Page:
Kiddush Without Wine
I am allergic to grapes. Is there an alternative way I can make Kiddush – perhaps on a different beverage?
The Aish Rabbi Replies:
Yes, although Kiddush is preferably made on wine, there are acceptable back-up choices. There is an important distinction in this between the Friday night Kiddush and that of Shabbat morning, as follows.
On Friday night we recite Kiddush as a way of “remembering” Shabbat, as Exodus 20:8: “Remember the Sabbath day to sanctify it.” We “remember” Shabbat by reciting Kiddush at the start of the day and Havdalah at its conclusion. Note that “Kiddush” literally means sanctification. We sanctify the day by making mention of its sanctity at its onset.
This commemoration is ideally done on wine (Talmud Pesachim 106a), which the Sages consider a means of lending importance to the declaration. If, however, wine (or grape juice) is not available, one may take an alternate food of importance. And the next most important food of the Shabbat meal is the challah (Shulchan Aruch 272:9). Here is the order of precedence:
(a) Wine (or grape juice)
(b) Challah: One first washes and then holds the two challahs in his two hands for the entire Kiddush. In Kiddush he replaces the blessing “borei pri hagefen” with “ha’motzi lechem min ha’aratez.”
(c) Chamar Medina: This literally means “the wine of the country.” It refers to any beverage which is considered important locally. There are a wide range of opinions regarding what drinks fulfill this definition. In virtually all western countries, beer and hard liquor (e.g. whiskey, scotch) definitely rate. If you are uncomfortable with those, tea or coffee are also acceptable.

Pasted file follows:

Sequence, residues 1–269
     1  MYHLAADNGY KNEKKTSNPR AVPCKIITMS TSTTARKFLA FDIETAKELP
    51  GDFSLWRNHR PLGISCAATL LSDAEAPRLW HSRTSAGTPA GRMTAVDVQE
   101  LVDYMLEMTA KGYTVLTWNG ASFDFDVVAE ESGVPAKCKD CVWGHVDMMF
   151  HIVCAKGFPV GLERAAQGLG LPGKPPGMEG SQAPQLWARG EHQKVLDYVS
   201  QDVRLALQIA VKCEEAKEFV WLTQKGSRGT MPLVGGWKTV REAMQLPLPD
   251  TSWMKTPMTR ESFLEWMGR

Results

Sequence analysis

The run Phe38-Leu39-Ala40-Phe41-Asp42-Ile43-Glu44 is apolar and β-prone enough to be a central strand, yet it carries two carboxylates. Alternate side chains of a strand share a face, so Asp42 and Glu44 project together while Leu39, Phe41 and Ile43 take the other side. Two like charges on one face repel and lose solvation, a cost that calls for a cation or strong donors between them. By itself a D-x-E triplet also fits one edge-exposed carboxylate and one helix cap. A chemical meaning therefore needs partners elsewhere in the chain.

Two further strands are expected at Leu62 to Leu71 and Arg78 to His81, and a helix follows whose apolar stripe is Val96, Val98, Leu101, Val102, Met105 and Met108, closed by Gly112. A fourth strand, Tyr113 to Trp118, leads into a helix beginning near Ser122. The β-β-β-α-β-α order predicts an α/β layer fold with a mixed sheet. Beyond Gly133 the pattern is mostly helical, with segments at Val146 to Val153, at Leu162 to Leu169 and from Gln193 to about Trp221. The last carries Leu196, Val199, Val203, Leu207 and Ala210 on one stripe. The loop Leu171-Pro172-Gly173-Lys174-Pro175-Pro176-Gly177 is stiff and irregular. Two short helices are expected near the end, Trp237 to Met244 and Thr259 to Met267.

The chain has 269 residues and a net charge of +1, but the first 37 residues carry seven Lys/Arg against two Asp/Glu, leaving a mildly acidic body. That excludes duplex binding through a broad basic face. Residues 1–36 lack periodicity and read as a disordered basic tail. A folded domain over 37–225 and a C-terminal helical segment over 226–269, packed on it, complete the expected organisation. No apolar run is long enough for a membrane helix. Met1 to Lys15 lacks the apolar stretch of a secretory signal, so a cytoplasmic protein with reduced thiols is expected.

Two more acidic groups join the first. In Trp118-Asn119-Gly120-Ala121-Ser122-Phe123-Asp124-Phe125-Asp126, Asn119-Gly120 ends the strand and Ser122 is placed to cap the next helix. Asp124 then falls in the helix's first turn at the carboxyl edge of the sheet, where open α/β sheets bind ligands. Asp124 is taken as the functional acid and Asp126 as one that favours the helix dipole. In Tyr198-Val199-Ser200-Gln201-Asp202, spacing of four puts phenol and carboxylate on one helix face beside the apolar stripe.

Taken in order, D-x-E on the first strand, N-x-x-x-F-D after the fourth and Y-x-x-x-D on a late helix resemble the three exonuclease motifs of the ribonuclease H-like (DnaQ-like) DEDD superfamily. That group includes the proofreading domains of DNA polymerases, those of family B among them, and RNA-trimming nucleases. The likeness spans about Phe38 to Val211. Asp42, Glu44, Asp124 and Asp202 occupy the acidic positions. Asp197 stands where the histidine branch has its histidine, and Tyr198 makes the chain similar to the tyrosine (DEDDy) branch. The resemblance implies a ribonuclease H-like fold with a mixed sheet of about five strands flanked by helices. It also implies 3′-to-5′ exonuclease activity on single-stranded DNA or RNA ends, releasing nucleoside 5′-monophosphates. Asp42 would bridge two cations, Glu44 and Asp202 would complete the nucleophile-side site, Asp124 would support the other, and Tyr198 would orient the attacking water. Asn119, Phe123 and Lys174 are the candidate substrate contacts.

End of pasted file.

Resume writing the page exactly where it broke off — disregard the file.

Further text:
(This final choice of chamar medina would not normally be relevant on Friday night – perhaps for a person who's allergic to both grapes and grain products.)
On Shabbat morning, Kiddush fulfills a different purpose. It is not to remember the Sabbath, as that is done at the start of the day. Rather, it is a means of lending importance to the Shabbat meal. This is done by beginning it with a special drink. As on Friday night, the drink which would lend the most importance to the meal is wine. But if that is not feasible, Chamar Medina may be used.
Challah, however, may not be used for this purpose. This is because simply taking the challah you were going to start your meal with anyway does not distinguish the meal in any way and lend it importance (Shu”a 272:9). (The verses we recite at the day Kiddush are just customary. The primary Kiddush is the blessing on the wine itself (see Shulchan Aruch 289:1 and Mishna Berura 2).
The order of precedence for the day Kiddush is therefore:
(a) Wine or grape juice
(b) Chamar Medina
Therefore, in your case, you should recite the Friday night Kiddush on challah, and the day Kiddush on an important drink.